Web developers can take several steps to bridge the gap between the worlds of printers and LCD screens. First, let’s cover the basics. Modern print style sheets are typically placed within a media query.Read more...
In this tutorial, we introduce the Magento layout by creating a simple module that will add some custom HTML content to the bottom of every customer-facing page, in a non-intrusive manner. In other words, we will do so without actually modifying any Magento templates or core files.
At our company, we process a lot of requests on the leading gift cards and coupons websites in the world. The senior developers had a meeting in late October to discuss working on a solution to replicate the MySQL functions of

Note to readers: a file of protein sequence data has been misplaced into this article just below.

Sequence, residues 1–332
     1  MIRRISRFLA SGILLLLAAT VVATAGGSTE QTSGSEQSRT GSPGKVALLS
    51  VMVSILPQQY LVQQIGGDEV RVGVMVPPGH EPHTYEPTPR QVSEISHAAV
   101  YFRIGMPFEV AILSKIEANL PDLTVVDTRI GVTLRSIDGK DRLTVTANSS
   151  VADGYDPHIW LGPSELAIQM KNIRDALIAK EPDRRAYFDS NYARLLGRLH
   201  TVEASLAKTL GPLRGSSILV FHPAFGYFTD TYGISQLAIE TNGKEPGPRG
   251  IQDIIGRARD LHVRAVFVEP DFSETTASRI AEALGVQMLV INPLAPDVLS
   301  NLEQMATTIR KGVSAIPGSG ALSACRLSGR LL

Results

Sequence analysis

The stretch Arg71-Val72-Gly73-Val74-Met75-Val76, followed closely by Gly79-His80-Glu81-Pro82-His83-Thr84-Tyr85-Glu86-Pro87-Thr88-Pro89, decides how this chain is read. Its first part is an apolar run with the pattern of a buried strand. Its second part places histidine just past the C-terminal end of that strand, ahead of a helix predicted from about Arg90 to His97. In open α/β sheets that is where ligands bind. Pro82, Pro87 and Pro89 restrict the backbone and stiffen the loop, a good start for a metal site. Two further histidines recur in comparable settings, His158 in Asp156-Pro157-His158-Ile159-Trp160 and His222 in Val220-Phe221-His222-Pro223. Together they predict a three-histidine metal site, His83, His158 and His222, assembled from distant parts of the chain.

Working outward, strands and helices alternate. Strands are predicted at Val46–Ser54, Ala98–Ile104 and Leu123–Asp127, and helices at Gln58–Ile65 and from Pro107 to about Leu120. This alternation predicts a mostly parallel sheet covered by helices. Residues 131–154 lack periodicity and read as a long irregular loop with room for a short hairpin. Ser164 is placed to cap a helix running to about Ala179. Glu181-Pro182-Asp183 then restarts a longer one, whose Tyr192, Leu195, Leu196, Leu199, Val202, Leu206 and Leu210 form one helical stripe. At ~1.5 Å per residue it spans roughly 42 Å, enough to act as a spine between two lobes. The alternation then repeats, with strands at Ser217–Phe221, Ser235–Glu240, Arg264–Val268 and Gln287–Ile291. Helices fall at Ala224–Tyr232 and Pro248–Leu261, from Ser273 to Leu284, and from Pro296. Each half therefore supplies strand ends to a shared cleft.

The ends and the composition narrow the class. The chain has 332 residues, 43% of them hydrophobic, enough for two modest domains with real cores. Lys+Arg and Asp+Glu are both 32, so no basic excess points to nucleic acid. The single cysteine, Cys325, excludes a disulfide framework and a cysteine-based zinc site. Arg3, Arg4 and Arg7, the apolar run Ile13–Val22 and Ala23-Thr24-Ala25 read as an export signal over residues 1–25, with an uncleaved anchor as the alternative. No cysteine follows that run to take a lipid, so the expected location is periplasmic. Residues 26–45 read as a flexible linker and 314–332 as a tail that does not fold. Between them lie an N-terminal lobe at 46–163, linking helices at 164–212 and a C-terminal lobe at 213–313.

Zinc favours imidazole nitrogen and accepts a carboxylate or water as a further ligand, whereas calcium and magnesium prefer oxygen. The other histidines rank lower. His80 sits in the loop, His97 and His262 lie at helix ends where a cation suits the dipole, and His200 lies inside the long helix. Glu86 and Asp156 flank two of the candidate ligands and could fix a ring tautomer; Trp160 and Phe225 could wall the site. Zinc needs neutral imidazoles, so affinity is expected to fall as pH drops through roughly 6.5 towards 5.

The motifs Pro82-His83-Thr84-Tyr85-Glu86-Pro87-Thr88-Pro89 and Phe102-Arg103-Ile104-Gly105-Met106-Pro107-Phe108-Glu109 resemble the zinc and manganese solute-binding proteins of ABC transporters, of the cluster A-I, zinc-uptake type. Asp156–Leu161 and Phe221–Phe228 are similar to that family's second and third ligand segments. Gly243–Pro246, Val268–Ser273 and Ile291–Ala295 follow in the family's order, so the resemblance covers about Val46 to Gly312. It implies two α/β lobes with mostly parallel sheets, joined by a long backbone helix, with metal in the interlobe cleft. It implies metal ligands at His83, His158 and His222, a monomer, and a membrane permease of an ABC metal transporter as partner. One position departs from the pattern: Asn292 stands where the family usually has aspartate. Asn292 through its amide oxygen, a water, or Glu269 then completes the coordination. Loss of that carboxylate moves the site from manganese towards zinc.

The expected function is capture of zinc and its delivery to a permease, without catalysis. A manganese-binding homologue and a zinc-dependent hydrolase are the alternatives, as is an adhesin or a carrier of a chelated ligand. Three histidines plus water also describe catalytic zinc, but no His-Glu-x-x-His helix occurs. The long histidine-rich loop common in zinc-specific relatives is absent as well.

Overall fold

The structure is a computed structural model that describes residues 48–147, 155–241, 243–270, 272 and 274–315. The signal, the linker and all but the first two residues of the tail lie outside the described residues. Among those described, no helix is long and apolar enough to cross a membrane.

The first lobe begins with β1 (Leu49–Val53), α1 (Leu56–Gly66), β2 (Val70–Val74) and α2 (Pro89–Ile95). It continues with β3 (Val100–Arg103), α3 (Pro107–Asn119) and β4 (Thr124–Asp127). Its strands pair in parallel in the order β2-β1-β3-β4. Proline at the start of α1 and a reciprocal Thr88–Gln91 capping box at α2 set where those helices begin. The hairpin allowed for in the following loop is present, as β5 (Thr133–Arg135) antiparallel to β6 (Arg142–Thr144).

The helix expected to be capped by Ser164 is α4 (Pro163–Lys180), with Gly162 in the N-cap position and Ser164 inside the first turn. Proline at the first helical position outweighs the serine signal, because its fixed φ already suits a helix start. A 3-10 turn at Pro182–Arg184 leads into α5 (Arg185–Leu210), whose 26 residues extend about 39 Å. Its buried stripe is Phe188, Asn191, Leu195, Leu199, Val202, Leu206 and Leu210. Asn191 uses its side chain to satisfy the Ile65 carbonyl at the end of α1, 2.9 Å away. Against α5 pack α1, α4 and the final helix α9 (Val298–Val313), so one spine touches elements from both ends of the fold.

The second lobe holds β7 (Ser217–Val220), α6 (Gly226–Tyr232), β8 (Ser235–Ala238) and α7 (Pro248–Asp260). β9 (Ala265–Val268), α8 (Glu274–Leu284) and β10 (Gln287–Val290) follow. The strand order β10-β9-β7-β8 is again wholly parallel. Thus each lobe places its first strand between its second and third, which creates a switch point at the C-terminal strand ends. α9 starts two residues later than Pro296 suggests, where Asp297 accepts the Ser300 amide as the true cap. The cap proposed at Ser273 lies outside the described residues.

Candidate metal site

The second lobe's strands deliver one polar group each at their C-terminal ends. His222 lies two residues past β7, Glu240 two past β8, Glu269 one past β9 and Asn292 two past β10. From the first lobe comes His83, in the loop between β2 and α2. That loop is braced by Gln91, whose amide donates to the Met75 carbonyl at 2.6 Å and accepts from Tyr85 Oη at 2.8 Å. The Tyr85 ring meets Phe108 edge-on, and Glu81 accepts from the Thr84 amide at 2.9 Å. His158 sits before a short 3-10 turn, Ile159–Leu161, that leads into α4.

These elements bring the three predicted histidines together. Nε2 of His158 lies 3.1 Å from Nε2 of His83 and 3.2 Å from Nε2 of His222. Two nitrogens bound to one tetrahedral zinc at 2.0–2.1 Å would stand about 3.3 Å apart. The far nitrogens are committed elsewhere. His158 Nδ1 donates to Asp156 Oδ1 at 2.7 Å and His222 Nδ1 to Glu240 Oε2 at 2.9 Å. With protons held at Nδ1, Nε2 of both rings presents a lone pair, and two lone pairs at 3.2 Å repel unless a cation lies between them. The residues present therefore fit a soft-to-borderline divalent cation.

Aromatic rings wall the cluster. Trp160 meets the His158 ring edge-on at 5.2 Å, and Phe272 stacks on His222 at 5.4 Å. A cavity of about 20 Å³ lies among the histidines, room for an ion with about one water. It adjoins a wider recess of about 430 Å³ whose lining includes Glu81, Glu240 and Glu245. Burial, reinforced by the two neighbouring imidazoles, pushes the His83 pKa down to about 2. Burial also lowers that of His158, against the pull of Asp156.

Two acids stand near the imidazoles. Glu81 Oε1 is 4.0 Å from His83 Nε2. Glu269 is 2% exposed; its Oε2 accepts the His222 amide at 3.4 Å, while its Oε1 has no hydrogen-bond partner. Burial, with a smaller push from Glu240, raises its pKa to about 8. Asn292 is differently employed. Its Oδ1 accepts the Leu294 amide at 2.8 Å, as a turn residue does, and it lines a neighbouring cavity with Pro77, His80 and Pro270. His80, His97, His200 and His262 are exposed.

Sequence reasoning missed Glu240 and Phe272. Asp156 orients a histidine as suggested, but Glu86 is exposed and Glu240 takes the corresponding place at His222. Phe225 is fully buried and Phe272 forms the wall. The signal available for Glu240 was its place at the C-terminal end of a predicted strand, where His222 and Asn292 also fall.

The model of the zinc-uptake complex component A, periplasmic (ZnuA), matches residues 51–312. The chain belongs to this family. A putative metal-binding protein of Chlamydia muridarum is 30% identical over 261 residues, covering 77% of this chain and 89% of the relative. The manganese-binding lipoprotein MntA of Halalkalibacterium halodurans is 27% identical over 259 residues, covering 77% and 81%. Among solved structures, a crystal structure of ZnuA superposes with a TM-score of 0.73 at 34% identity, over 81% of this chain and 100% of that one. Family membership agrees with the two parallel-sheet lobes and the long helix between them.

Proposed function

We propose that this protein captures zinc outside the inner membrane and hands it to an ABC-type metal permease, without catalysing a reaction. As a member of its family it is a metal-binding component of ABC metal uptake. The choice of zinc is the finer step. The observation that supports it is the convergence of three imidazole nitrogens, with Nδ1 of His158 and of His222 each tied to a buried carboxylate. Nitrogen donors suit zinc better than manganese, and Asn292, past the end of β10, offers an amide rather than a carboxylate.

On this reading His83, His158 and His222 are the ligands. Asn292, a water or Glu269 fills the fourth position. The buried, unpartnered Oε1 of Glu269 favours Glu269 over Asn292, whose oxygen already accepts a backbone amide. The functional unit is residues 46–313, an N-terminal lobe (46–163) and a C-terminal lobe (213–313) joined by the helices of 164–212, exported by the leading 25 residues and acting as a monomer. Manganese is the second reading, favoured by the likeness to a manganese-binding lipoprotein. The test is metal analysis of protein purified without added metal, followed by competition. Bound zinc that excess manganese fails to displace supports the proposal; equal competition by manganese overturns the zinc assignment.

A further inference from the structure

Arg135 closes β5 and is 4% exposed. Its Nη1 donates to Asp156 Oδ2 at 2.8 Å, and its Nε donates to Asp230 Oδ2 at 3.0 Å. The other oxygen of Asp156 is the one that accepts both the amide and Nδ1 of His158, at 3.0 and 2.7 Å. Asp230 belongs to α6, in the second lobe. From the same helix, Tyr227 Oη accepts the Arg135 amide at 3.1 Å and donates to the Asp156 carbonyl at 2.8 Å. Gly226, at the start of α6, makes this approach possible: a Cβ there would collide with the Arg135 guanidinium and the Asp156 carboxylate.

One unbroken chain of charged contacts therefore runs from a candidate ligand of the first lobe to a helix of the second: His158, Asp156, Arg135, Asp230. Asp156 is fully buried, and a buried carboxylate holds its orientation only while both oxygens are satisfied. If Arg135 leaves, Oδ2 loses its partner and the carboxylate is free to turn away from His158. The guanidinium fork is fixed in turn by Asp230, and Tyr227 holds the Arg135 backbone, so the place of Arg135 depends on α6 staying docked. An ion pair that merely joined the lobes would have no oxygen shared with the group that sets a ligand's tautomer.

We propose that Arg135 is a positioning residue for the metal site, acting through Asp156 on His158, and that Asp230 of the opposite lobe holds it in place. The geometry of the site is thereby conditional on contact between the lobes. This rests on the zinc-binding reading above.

AES_DECRYPT in the language of PHP.
This article centers on what was produced from Senior Developer Derek Woods and how to use it within your own applications. Security should be on the top of every developers mind when building an application that could hold sensitive data. We wanted to replicate MySQL's functions because we have a lot of our data already AES encrypted in our database, and if you are like us you probably do as well.Read more...
WordPress shortcodes were introduced in version 2.5 and since then have proved to be one of the most useful features. The average user acting as editor has the ability to publish dynamic content using macros, without the need for programming skills.
When a shortcode is inserted in a WordPress post or page, it is replaced with some other content. In other words, we instruct WordPress to find the macro that is in square brackets (
) and replace it with the appropriate dynamic content, which is produced by a PHP function.